Older Patients and Medications
The liver and kidneys have the vital job of eliminating waste from the body. These wastes are usually by-products of the various metabolic functions that keep the body fueled and functioning, excess biochemical substances that, if allowed to build up unchecked, would sicken or even kill the individual.
This same pathway is vital for eliminating medicines from the body once they have done their job. Researchers carefully calibrate dosages of each medication so that just the right level of the active ingredient stays in the bloodstream just long enough to do its job before the liver and kidneys flush it from the system.
However, even in people in good health, there are changes in the way their liver and kidneys function as they frow older, changes that can have far-reaching and unexpected consequences. Like many other parts of the human body, these organs begin to slow down a bit with age—they still get their jobs done, but they don't do it nearly as efficiently as they once did.
By itself, this slowdown can make older people a little more vulnerable to metabolic imbalances—a little more waste-product sticking around in the bloodstream a little longer than was once the norm can make a person feel a bit indisposed. But when coupled with the increased number of prescription medicines taken by typical seniors to treat their increased numbers of ailments, this slowdown in the liver and kidneys can cause some serious health problems.
Take, for example, a standard dosage of a medication X. When given to a thirty year old patient, Medication X treats the symptoms it was given for and is eliminated from the patient's body without incident. Give that same dosage of Medication X to a patient of the same body mass but fifty years older, and too much of that X sticks around in the patient's blood stream for far too long. It's as if the eighty-year-old patient has received an effective dosage far higher than the thirty-year-old. If that medication was, for instance, a sedative such as diazepam (Valium), the resulting overdose could put the patient in a confused, befogged state. Too many more days of this overdose could throw our older patient into a serious delirium.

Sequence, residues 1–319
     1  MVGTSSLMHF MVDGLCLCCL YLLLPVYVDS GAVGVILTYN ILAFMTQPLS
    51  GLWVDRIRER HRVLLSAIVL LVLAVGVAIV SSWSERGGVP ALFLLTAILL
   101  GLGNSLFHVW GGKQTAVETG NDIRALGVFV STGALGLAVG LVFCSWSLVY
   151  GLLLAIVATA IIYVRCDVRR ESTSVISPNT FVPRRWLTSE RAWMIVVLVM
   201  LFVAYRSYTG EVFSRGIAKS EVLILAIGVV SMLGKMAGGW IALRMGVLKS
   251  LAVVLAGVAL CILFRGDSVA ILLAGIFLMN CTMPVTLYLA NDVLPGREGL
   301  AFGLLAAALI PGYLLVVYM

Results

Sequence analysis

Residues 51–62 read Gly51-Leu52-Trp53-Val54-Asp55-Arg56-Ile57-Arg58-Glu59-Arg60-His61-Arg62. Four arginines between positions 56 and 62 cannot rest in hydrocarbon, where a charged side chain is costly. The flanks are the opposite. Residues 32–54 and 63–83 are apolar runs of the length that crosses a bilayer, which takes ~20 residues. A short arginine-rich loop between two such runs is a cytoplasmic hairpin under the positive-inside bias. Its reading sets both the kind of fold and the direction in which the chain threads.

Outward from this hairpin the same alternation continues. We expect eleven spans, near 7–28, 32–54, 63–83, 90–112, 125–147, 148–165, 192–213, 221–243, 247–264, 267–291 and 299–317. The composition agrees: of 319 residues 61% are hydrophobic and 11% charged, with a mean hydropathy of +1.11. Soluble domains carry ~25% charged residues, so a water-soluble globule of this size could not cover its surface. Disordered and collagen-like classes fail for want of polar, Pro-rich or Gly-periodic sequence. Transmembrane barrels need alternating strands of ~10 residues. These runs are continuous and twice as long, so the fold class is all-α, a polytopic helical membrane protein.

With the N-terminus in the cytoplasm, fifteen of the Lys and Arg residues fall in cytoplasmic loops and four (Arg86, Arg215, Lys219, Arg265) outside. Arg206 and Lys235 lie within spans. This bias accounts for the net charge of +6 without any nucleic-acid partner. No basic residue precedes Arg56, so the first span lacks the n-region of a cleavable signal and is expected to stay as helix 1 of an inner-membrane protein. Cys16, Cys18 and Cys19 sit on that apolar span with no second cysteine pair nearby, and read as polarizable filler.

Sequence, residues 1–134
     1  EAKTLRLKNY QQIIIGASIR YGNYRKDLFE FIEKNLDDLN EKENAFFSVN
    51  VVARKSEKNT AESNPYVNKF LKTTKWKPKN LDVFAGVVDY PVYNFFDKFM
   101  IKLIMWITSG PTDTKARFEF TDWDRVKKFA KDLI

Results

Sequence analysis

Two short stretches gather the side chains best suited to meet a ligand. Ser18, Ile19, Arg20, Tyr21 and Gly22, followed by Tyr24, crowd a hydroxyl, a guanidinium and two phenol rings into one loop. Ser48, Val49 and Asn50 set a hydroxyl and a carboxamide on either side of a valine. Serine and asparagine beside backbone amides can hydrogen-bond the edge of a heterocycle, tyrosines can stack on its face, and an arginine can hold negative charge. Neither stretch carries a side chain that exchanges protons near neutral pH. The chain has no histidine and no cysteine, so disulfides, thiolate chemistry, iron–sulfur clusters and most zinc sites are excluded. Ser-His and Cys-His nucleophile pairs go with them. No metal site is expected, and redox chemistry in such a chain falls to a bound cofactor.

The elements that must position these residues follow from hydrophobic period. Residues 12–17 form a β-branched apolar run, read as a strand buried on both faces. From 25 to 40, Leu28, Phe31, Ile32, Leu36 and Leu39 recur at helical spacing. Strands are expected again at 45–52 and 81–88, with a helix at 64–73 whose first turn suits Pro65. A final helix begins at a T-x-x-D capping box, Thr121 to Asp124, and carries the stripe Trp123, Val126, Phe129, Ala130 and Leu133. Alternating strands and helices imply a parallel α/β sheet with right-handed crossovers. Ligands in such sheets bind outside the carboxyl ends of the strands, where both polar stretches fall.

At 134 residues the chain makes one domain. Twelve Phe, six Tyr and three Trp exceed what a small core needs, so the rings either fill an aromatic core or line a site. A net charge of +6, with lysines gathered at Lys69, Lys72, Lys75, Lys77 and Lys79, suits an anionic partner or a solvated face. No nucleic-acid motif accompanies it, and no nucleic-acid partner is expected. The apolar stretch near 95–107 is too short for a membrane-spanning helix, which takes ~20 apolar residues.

Then suppose the eighty-year-old patient is receiving not only doses of X more suited to a thirty-year-old, but also similar overdoses of medications Y, Z, Q, and R. Each additional overdose puts more of a strain on his overworked liver and kidneys, making them work even slower, leading to higher levels of all five of these medications sticking around too long in his bloodstream. The effects begin to snowball, such that even if none of the medications in question have any psychoactive effects under normal circumstances, the poor senior patient is still thrown into a mental fog due to overmedication.
And even when this problem is noticed and the medications stopped or their dosages greatly reduced, it can take our hypothetical eighty-year-old weeks longer to recover than would his thirty-year-old peer from a proportional overdose. Again, because the liver and kidneys work that much more slowly, it takes them that much longer to clear the last of the excess drugs. In addition, many other systems in the older patient's body have also undergone age-related changes that make them more sensitive to drugs: the blood/brain barrier, for example, is much easier for drugs to cross in older people, contributing to the length of time it takes an older patient to throw off that overdose fog.
Clearly, then, it is vital that doctors treating older patients understand these differences in the way they process medicines, and prescribe accordingly. If the patient has several different health conditions, each requiring its own medication for treatment, there isn't much the doctor can do about that. But the doctor can certainly adjust the dosages of each medication downward to take into account the patient's slower waste metabolism. The doctor can also select medications that are better tolerated by older patients to begin with, and in other ways be conservative in the type and number of medications to give.
Ultimately, more research is needed to keep on finding newer and better medications for the diseases prevalent among seniors—medicines which, in addition to treating those diseases more effectively, also function more gently within the senior patient's maturing body.